How to Do Dry Tortugas National Park with Kids

Like many families, we have a dream to take our kids to as many National Parks as we can. On our recent trip to the Florida Keys, we couldn’t resist a chance to visit one of the most remote parks, Dry Tortugas National Park.

Dry Tortugas National Park is a group of seven small islands located 70 miles off the coast of Key West. It is only accessible by ferryboat or seaplane, so it’s quite the journey to get there from the mainland.

As we were making plans and reservations for our journey, I wondered if the travel time and cost to get there would be worthwhile. We were missing out on a whole day of exploring Key West, after all! However, I knew we might never get a chance to see the Dry Tortugas again, so we decided to go through with it. And I’m so glad we did, as it was one of the most visually stunning destinations I’ve ever seen.

If you’re planning a visit to the Florida Keys and are thinking of adding this on to your trip, here’s everything you need to know about visiting this remote National Park with kids.

Before You Go

In the months leading up to your trip, be sure to book your reservation on the ferry, the Yankee Freedom III, early, as there are limited spots and they fill up quickly. You can make reservations online or over the phone. Kids under the age of 4 are free, which made traveling to a secluded island with a 1-, 3- and 5-year-old a little more palatable.

As the trip gets closer and you’re thinking about what to pack, I would highly recommend wearing your swimsuits with a cover-up on the way out to the island and packing a set of dry clothes in your daypack. You’ll be able to swim and snorkel on the island and you won’t want to waste time changing after a 2-hour boat ride.

If anyone in your family is prone to motion sickness, don’t forget to pack some medicine. I ended up bringing some just in case, both for adults and kids, but you can also buy some on the boat if you forget.

In addition, be sure to pack snacks for the day. Breakfast and lunch are provided on the boat, but if your kids are anything like mine, they’re hungry all the time and you’ll be glad to have the extra food between meals. You’re allowed to bring a cooler with you on the boat and island, so be sure to stock up on cold water, fruit, granola bars and other things to keep you full while you explore the island.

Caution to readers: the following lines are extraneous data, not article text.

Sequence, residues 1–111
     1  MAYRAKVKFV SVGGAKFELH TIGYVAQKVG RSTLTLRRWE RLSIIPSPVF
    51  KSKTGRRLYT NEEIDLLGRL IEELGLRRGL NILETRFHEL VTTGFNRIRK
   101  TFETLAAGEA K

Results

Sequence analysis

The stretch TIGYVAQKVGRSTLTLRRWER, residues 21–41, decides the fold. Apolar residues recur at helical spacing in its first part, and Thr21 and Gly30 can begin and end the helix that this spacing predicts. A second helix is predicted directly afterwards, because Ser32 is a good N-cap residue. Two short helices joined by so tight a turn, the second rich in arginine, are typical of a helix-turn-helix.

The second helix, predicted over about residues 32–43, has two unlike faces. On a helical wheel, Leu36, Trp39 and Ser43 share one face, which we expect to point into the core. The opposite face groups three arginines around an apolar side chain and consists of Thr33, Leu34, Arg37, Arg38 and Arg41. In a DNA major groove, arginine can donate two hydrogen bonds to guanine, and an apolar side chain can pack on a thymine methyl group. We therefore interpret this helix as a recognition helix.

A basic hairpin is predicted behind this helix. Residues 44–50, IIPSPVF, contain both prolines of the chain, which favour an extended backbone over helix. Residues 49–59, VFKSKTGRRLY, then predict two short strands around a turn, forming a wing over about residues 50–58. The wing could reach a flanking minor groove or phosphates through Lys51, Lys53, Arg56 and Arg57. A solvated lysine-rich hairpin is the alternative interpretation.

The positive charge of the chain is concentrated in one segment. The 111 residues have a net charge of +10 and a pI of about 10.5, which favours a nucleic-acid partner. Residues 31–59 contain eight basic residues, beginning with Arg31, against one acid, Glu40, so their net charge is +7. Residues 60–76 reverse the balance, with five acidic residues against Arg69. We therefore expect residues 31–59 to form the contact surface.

On the Boat

The ferry ride is over 2 hours, so if you’re traveling with kids I would encourage you to come prepared in the same way you would a plane ride. We packed coloring books and crayons, devices with movies pre-downloaded and a few small toys to keep the kids occupied. There are seats with tables in front of them inside the cabin where kids can sit and color.

Honestly, though, standing on the deck of the boat with the kids feeling the wind in our hair and watching the ocean go by ended up being much more entertaining than anything we had packed.

Breakfast is served immediately upon boarding the ferry, which is fantastic since you have to check in by 7:00 a.m.

At the Park

Once you reach Dry Tortugas National Park, you will have just under 5 hours to tour the historic Fort Jefferson, wander the moat wall, swim, snorkel and explore the island. They offer guided tours, but we figured with a toddler and a preschooler along in our group we would be a distraction to everyone else so we opted to do a self-guided tour instead.

Snorkel equipment is included in the price of your ticket, so make use of it! You’ll have to sign waivers while you’re still on the boat for anyone that wants to snorkel, so we signed some for our kids even though we weren’t sure if they would want to try it or not.

Dry Tortugas National Park has an incredible coral reef system where you can see all manner of tropical fish and other marine life. If you’re snorkeling with very young children, I would recommend staying close to the moat wall as it doesn’t get very deep and you can still see plenty of small and colorful fish.

If your family doesn’t want to snorkel you can still relax in the sand or swim in the crystal clear turquoise water. The water around the island stays pretty shallow and calm, so we found it ideal for letting our toddler sit in the inflatable pool float we brought along. Our 3- and 5-year-old could easily swim without fear of big waves.

Garden Key, the island where the Yankee Freedom III docks, is a photographer’s paradise. From unbelievable shades of blue in the water and sky to the numerous crabs and conch shells around the island, you’ll find it hard to take a bad photograph. Bring a disposable camera or cheap digital camera for kids so they can get in on the fun, too!

When it’s time to board the boat for the ride back, there are stalls for changing near the dock, so make sure to leave yourself plenty of time to get yourself and your kids into dry clothes. Everyone will be so exhausted from a day in the sun and sand that you might even get your kids to fall asleep on the way back.

I truly believe you won’t regret adding a day trip to Dry Tortugas National Park to your Florida Keys trip. With history, water sports, nature and beautiful vistas, it is truly a bucket list destination that you and your kids will never forget.

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